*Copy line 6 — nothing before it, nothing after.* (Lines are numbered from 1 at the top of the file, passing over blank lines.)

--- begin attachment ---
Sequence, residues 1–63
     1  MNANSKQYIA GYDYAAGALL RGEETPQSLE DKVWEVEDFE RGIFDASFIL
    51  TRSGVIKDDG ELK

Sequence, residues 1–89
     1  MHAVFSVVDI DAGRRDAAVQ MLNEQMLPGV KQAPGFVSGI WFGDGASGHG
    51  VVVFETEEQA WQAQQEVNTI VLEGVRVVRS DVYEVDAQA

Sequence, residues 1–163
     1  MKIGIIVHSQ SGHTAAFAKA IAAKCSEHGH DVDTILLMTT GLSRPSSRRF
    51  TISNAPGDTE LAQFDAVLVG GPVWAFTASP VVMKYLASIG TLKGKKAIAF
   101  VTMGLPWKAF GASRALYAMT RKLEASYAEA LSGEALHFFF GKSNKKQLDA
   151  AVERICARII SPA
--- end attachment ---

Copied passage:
    51  VVVFETEEQA WQAQQEVNTI VLEGVRVVRS DVYEVDAQA